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The wild spiny aubergine hunt

2 Posts tagged with the solanum_thomsonii tag

The Southern Highlands of Tanzania are much cooler than the rest of the country, with plantations of tea and quinine. Driving through the tea plantations and the tea factories the smell is amazing. In every village there is a “kijueni” – resting place on the main road where the men gather to hang out and chat, while women meet each other inside houses and in back gardens. As we drove past I saw a kijueni underneath a large shady shrub of Solanum thomsonii, the species endemic to the Southern Highlands.



Flowers of quinine, Cinchona grandis, growing in a quinine plantation.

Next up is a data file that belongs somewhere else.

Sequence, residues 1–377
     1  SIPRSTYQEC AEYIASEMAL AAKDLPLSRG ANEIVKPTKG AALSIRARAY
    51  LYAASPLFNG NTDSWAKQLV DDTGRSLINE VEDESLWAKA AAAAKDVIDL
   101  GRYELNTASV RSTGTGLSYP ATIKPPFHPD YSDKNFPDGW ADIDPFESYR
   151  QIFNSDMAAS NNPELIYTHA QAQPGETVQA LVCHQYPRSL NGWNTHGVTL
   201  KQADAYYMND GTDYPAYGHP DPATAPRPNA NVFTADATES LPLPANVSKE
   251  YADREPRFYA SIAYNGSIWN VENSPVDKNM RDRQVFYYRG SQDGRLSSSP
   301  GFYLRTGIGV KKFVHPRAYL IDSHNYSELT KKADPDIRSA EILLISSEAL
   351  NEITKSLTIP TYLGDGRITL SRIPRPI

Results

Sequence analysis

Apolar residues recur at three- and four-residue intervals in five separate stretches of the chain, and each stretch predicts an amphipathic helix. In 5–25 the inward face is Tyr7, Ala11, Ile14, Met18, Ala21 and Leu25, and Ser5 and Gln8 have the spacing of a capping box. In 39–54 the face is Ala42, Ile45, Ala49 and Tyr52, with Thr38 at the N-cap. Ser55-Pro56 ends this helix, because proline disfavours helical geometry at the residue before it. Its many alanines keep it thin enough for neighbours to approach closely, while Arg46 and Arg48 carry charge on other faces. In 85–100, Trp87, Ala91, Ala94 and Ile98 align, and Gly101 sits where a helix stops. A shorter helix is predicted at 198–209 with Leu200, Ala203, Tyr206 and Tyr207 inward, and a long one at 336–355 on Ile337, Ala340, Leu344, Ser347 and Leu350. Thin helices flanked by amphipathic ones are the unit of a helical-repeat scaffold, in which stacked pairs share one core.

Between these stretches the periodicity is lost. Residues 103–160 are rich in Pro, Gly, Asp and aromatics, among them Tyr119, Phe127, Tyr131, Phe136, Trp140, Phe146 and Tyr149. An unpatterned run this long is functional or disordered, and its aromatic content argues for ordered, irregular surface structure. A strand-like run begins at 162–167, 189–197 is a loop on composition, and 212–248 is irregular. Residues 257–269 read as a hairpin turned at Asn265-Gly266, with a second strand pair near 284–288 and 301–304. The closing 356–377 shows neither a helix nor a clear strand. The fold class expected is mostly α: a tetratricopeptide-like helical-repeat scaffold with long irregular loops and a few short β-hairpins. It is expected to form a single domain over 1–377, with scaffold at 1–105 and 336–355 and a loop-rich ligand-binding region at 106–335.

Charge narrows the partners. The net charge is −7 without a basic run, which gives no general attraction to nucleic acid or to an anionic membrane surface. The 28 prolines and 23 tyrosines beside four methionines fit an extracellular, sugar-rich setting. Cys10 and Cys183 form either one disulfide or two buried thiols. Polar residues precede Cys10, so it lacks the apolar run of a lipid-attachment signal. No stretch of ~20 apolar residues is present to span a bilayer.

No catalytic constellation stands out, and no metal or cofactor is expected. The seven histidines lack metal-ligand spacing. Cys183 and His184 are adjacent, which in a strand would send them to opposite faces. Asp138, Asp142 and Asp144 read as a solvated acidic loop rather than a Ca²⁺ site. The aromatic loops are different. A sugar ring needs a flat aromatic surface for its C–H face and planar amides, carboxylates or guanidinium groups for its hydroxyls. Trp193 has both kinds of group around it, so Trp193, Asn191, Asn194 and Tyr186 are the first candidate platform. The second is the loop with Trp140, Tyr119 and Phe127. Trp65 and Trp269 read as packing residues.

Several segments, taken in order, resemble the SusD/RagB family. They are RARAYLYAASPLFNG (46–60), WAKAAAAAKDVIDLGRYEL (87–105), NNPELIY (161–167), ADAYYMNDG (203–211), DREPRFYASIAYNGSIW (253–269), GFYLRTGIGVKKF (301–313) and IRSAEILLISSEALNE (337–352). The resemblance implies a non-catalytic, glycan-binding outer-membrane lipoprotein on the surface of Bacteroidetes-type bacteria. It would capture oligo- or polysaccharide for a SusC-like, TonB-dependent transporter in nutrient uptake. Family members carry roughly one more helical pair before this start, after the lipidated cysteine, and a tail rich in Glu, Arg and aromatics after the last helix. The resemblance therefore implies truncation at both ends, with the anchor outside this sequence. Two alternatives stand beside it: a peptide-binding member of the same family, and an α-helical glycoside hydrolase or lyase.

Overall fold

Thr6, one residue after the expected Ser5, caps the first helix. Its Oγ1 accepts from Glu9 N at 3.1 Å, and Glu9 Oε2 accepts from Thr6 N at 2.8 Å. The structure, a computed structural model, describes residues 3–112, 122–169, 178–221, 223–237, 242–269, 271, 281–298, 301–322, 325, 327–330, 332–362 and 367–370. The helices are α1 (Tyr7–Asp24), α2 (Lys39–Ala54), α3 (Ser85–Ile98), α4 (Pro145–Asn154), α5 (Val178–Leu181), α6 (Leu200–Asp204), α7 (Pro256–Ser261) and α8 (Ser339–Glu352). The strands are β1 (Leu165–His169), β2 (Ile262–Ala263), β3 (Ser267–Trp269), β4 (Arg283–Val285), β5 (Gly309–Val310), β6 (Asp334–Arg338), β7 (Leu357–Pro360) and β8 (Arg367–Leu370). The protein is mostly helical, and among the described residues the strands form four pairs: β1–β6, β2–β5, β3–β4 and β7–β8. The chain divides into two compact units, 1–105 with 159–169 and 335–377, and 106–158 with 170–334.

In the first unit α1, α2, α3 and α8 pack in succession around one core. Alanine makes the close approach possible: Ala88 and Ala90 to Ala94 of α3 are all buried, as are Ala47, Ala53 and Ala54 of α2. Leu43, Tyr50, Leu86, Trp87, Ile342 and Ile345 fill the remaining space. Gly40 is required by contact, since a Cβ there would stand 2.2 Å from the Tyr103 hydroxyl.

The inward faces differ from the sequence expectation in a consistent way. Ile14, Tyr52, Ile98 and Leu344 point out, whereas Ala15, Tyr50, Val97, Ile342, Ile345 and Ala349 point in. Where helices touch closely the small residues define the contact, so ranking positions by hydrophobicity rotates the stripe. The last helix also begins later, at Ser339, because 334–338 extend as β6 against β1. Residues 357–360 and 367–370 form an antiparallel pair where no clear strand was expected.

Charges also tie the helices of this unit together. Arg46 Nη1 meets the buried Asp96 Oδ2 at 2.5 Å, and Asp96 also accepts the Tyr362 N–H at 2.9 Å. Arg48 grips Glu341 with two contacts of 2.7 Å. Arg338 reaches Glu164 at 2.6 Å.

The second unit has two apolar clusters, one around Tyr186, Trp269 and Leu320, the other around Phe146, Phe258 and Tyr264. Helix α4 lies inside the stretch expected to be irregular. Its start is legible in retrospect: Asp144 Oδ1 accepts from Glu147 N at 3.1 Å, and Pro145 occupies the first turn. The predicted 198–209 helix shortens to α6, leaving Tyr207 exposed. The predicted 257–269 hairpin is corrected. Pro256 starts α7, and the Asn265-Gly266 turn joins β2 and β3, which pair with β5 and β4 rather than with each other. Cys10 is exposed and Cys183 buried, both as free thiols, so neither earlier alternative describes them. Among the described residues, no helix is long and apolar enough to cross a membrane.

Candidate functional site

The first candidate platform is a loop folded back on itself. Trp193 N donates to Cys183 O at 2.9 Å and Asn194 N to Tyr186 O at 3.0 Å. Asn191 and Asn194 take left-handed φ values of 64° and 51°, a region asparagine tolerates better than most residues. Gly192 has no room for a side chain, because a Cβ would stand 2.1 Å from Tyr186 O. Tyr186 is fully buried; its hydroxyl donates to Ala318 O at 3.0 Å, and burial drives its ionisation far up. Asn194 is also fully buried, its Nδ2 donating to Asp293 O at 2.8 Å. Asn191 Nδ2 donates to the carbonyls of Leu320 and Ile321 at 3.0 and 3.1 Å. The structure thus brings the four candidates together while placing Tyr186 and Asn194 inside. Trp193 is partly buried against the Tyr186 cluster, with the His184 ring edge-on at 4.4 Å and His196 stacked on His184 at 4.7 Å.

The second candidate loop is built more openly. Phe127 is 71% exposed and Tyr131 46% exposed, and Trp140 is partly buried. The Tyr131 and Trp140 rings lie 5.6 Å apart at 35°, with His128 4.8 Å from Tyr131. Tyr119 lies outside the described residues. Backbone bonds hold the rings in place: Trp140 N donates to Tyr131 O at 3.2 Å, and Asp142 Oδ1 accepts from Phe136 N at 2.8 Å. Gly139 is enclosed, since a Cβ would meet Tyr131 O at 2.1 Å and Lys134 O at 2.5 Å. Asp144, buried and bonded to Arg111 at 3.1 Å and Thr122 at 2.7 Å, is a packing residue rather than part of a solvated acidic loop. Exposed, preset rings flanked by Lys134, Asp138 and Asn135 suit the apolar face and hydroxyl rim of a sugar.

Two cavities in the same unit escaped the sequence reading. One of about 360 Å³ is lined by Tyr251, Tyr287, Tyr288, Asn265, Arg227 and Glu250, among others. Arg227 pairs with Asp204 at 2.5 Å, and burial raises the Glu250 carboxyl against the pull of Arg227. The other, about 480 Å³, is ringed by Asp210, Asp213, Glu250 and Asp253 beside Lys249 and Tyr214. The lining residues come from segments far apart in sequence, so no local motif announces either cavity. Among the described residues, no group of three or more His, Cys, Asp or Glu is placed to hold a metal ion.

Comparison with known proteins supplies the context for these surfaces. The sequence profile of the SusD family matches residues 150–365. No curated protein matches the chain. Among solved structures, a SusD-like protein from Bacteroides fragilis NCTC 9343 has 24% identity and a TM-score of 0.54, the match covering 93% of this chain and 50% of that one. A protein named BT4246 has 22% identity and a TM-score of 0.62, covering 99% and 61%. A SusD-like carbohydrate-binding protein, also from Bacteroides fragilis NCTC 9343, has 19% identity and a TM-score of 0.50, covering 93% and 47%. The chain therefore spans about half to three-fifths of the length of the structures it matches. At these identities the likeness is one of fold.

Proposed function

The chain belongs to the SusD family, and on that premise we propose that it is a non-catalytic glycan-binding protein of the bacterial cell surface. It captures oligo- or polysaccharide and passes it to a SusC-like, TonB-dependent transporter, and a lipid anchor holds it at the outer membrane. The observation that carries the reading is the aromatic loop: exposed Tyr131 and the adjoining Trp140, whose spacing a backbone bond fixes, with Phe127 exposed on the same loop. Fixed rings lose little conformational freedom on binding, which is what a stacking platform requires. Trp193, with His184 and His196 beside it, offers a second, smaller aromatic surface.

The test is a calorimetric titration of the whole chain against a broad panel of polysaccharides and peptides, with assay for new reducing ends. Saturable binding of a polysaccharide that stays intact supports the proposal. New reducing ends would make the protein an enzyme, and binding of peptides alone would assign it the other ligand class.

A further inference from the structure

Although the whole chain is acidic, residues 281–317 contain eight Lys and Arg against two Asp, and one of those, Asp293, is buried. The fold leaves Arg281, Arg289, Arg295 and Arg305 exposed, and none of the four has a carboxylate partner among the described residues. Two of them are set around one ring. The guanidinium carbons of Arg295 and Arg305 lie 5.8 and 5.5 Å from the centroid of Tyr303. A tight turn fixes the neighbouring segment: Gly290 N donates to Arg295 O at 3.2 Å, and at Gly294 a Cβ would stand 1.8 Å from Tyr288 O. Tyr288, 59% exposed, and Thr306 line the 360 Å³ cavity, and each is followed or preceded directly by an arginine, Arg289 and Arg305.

Eric and Frank at the back of the car on the bumpy road.



The endemic Solanum thomsonii differs from the closely related Solanum aculeastrum by its numerous small orange fruits.


As soon as we drive out of Mbeya town and turned around a corner, the rare endemic Solanum thomsonii was everywhere, growing all down the road. It often grows mixed together with the closely related Solanum aculeastrum, and there seem to be some plants intermediate between the two species. We spent most of the day observing these and making collections. It is difficult to concentrate because as soon as we start work more and more children come running from all directions! They are friendly and want to talk to us, but after many hours I get tired – do not think I would make a very good school teacher!



Eric preparing specimens of Solanum thomsonii. We usually arrive at a hotel late at night and press the plants we collected after dinner; it is usually dark and we have to work by torchlight.